RPGCast – Episode 508: “I Need Waifus”

Fire Emblem Three Houses released this week and we’re (almost) all playing it – but there’s a bit of controversy afoot. Pascal talks about poor choices he’s made in other games. And the news section is all twisty, tumbly, and turvy. Now back to our respective waifus, husbandos, and depressing games…sos.

Question of the Week
Do you play “downer games” – ones with challenging, heavy themes like death and war with consequences?
Examples: Heavy Rain, Papers Please, Corpse Party, That Dragon Cancer, etc.

Check out the show notes here!

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5 Responses

  1. Shaymin Shaymin says:

    QotW: I’ve tried to play some really dark games, like Oninaki and Persona 3, but I’ve had to get out of them because of depression kicking in. I’ve watched a former roommate play Papers, Please and it wasn’t that bad… but the scariest thing about Heavy Rain is in the director’s chair.

  2. Krull Krull says:

    QotW: Never really gone out of my way to avoid or seek out downer games, but I’ve certainly played a few. Papers, Please is simply a really well-designed game, with a deliciously dark sense of humour alongside the oppressive police state atmosphere. This War of Mine does a good job of hammering home the senselessness of war – at least until the point when you crack the game’s systems and work out who can be killed with impunity. Corpse Party just scared the bejeebers out of me, but I eventually became numb to the darkness and, to my surprise, ultimately enjoyed it.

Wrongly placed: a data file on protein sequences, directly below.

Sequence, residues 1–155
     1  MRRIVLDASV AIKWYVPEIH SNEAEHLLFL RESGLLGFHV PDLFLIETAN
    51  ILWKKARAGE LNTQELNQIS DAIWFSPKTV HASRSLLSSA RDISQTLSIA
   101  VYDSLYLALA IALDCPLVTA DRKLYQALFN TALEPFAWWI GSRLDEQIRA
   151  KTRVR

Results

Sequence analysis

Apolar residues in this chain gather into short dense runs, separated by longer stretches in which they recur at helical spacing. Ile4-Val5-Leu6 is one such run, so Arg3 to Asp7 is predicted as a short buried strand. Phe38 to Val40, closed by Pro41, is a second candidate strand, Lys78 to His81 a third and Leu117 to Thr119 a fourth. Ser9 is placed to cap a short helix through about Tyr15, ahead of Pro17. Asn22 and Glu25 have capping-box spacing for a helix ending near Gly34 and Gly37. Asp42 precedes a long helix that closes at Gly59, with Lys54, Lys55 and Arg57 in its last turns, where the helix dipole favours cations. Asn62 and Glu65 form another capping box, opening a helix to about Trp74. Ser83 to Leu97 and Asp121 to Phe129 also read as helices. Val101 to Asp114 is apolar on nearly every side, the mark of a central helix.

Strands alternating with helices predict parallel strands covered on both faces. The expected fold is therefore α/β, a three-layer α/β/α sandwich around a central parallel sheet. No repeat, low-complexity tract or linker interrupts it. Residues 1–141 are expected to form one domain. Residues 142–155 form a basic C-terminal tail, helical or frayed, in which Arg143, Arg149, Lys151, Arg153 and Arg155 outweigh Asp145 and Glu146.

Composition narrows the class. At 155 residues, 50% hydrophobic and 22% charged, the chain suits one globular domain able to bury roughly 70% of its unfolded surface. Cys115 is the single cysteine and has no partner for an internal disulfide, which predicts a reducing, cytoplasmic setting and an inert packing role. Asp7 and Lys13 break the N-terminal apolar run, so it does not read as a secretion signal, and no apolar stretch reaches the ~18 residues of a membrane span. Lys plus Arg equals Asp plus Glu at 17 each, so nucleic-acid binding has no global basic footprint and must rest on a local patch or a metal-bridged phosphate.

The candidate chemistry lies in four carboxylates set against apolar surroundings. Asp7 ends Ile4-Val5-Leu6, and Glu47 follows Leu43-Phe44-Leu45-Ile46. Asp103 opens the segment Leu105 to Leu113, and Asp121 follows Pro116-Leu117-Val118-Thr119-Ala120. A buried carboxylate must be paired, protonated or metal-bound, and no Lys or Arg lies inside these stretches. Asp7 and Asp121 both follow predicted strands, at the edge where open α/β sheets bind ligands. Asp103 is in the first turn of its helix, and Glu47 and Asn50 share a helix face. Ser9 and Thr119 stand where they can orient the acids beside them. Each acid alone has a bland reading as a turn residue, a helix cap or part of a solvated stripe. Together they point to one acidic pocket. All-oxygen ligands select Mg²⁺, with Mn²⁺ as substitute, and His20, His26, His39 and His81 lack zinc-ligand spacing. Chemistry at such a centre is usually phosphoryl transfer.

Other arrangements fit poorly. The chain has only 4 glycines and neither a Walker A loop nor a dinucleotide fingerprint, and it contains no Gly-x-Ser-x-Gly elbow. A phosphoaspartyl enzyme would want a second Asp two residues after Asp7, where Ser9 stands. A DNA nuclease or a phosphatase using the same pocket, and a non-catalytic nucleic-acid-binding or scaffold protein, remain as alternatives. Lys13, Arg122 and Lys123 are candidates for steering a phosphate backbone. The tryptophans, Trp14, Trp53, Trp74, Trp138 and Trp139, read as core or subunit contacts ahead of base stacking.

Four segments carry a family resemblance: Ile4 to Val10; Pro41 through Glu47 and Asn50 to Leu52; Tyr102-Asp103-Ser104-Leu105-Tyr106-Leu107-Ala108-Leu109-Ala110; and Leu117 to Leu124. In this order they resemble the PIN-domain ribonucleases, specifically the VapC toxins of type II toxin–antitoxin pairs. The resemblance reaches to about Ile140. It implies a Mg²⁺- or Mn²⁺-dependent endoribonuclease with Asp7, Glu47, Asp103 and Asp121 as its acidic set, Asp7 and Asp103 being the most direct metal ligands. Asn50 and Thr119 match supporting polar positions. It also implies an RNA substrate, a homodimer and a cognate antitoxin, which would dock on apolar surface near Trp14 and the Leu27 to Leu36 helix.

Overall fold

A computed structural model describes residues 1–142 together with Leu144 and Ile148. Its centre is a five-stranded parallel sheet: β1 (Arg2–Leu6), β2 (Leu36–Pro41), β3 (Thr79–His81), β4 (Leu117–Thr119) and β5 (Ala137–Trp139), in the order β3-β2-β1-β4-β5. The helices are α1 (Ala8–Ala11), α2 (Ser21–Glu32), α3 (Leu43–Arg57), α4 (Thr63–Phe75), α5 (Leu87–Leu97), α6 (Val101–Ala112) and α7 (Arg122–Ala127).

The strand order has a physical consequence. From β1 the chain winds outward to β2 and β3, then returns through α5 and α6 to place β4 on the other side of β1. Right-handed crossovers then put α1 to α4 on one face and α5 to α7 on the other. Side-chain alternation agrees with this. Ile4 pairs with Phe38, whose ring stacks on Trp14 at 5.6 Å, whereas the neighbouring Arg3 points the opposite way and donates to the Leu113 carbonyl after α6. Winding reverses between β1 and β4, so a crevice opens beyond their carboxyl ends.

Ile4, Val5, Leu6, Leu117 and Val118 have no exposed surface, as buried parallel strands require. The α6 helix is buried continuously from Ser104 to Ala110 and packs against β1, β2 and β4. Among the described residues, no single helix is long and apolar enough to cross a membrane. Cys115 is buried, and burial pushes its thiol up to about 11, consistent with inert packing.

A standout, for me, was Retsnom, which is a physics-puzzle-based adventure game on Steam and mobile. I did find that one unrelentingly bleak – but it was all the more memorable for it.

  3. FeatherHoof FeatherHoof says:

    QOTW: I think so, assuming your definition and mine line up. I’ve played games like Gone Home, Her Story, and Soma and absolutely loved them despite how they tug so hard at the feels. Maybe *because* they tug so hard at the feels. I’d even put Ori and the Blind Forest in this category, despite being primarily a metroidvania (albeit an extremely pretty one).
    I know many have a problem with David Cage games, but I played Beyond Two Souls and thoroughly enjoyed it.
    But the most emotionally impactful game I ever played was A Way Out. Me and my buddy were blubbering like babies by the end of it.

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